MICHELLE'S REVIEW: Nameless by Lili St. Crow

Nameless  - Lili St. Crow, Lilith Saintcrow

No matter how much money she has in her purse, or how protected she is as a Vultusino, Cami knows that she's different from everyone around her. For starters, she doesn't have fangs, and once she's dead, she's staying put in her coffin, thank you very much. Cami thinks that she is living a lie, and when the mysterious new gardener makes her question everything she's been keeping inside, Cami's not going to stay put within the Vultusino territory when she could have actual answers outside. Outside, where the truth is deadly.


Nameless is one of the strangest books I have ever read. I haven't tried any Lili St. Crow book before, so I wouldn't really know how the author goes about writing her books. Nameless has a lot of terminology, and St. Crow doesn't really spell them out for the reader so it takes a bit of a guesswork to find out what they mean. The novel may also be categorized as a retelling of Snow White, but I'd like to think that it is instead, inspired by the ebony-haired, red-lipped princess. There's obviously the apple, but I thought that the story was getting weirder and weirder as it progressed. Like, cryptic, incomprehensible, what-am-I-reading weird. I might as well be stuck in a dark room, groping the walls for the light switch.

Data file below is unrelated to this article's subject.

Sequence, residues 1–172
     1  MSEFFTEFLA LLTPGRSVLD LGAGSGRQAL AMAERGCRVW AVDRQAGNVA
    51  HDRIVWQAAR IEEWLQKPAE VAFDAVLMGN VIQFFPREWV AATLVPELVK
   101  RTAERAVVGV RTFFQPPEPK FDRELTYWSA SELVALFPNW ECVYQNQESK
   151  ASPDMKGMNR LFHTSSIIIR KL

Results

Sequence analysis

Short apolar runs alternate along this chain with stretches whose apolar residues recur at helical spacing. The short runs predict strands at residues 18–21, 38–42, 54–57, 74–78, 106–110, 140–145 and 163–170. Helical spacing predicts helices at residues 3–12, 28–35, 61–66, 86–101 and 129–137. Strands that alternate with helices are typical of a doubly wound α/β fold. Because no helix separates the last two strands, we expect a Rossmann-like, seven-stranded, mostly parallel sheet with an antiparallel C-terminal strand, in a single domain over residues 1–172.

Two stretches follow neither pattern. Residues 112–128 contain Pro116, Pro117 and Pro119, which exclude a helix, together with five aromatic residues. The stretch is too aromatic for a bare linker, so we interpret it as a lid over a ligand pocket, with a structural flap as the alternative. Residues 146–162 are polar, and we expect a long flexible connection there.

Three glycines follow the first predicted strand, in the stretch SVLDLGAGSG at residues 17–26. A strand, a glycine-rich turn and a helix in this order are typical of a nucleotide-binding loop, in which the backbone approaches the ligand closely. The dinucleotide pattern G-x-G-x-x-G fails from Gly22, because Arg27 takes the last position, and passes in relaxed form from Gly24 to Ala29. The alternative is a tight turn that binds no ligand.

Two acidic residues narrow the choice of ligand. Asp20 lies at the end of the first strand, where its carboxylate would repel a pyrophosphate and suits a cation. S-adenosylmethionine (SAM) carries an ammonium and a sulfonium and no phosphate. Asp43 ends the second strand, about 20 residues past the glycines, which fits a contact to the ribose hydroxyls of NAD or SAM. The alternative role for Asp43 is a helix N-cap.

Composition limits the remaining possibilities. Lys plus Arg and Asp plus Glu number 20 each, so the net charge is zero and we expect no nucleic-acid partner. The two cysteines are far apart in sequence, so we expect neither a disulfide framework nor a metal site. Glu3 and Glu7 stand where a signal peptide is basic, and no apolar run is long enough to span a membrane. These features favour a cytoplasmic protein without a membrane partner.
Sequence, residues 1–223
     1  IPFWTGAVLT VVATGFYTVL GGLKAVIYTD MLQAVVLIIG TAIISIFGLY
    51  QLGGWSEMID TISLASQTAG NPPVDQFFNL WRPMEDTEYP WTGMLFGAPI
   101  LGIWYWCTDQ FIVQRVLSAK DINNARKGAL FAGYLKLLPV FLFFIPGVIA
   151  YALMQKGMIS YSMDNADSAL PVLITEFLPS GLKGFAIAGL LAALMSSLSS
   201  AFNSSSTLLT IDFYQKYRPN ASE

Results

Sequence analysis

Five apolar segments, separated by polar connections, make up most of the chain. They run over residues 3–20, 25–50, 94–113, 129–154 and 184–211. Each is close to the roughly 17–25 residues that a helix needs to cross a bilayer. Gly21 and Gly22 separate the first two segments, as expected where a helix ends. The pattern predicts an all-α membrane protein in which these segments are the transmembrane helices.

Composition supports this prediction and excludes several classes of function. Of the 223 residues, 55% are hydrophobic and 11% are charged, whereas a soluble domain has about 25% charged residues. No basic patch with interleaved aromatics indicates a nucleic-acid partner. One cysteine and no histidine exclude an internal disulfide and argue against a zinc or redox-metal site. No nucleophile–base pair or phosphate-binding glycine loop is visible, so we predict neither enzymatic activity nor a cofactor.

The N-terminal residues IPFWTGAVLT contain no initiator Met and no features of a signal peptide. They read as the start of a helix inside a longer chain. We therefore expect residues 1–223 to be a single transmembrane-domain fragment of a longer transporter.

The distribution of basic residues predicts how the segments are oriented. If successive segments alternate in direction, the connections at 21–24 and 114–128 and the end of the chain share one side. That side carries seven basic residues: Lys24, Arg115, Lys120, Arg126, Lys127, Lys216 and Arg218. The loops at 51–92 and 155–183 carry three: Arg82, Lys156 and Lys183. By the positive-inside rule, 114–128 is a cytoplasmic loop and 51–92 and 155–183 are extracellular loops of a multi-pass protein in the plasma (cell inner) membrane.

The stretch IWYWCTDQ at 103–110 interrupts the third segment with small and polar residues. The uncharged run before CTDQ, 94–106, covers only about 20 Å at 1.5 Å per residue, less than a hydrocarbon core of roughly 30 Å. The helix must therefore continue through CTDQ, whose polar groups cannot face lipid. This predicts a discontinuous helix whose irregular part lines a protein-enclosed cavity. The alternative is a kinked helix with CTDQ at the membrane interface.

The characters were uninteresting and too dramatic for my liking. It was hard not to get annoyed what with the lead character being too docile and fragile all the freaking time! The romance was odd and not very convincing. The romantic interest, Nico, runs hot and cold, and sometimes even both at the same time, and boy, is it frustrating. 


The Snow White aspect only really shone through in the later half of the book, so the Cami-and-the-apple thing just left a weird taste in my mouth. She was acting fine, but all of a sudden, she starts craving apples? I felt like that bit was just thrown in there because the novel was supposed to be a retelling of Snow White, and thusly felt a bit shortchanged. 


Nameless isn't really a book I'd revisit anytime soon. Granted that I might make more sense out of it if I'd read it over and over and made all these hypothetical connections in my head, I'm pretty sure I'm calling it over with this one.

 

Rating: 1.5/5

Source: http://thetwinsread.blogspot.com/2013/10/michelles-review-nameless-by-lili-st.html